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Out of Nowhere by Patrick LeClerc.
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(Please do NOT edit this text. Leave criticisms in reviews only. I never tweak or resubmit anything.)

 

War had reduced mankind into lowly space nomads going extra-solar, seeking refuge anywhere from their own radioactive contamination. Countless centuries of radiological and biological clean-up in the Solar System would surely be needed before Earth could be the centre of a thriving civilisation again, so a new transitional home planet was needed for rearing an enlightened and healthy population for the future. EE926 was part of the quest to find that planet. Out of a thousand modules, this was the one dispatched to the star labeled “least likely” to hold a world matching the desired criteria. With most of the experienced pilots dead in the war, only cadets were available to crew the module.
 
Arcturus Five, “Glimmer,” is a hot misty planet beside its orange giant star. Using extremely powerful electromagnetic telescopes in the early 2100s, it had been observed to be concealed behind a dense mist with potentially violent storms, but no probe had ever been sent out to investigate it. The mission of EE926 was to inspect that planet’s suitability with human eyes, then relay anything of interest out in all directions for all ships and colonies of humanity to hear.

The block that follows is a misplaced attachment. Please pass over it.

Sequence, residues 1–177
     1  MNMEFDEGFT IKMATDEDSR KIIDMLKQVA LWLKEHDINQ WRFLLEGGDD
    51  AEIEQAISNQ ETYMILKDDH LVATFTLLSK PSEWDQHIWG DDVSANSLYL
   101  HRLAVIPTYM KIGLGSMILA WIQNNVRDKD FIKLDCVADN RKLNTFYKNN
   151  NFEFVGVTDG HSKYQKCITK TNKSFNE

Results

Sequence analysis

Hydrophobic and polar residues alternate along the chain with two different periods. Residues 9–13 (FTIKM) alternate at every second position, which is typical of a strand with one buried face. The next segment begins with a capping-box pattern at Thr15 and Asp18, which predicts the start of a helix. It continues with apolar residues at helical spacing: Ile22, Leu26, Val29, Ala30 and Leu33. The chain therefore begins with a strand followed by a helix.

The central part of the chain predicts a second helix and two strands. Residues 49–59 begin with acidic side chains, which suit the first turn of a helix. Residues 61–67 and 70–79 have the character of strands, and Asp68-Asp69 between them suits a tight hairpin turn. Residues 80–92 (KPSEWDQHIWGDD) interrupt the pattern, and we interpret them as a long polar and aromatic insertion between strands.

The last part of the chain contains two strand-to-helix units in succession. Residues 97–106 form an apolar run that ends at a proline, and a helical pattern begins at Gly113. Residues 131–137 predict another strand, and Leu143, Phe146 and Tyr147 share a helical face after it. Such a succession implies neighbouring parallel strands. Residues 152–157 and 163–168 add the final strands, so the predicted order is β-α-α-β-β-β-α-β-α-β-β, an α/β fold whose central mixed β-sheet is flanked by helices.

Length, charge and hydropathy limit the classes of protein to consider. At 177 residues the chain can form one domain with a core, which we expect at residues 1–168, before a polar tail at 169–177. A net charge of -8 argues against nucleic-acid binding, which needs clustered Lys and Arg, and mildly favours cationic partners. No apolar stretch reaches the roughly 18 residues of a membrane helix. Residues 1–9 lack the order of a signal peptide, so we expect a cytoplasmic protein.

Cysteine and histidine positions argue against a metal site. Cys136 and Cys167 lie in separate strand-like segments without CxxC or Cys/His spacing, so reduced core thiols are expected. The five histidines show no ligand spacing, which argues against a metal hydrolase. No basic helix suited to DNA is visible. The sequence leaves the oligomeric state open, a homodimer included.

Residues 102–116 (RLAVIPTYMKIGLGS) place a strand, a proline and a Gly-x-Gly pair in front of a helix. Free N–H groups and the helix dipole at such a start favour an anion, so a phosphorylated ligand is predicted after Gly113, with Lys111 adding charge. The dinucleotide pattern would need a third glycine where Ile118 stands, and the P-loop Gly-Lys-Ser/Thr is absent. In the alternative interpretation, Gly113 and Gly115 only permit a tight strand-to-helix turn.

In accordance with protocol, Cpt. Constan ordered Dr Spake to question Abby Posteque and record her deposition in detail in the logs. It was the one-hundred and thirtieth year of the expedition, and only the fifteenth day since the team had been roused from extra-solar sleep. Spake started, “Deposition of Posteque, Abigail. Expedition Biologist. Dated October thirteenth, 2297. You are now being recorded, Abby.”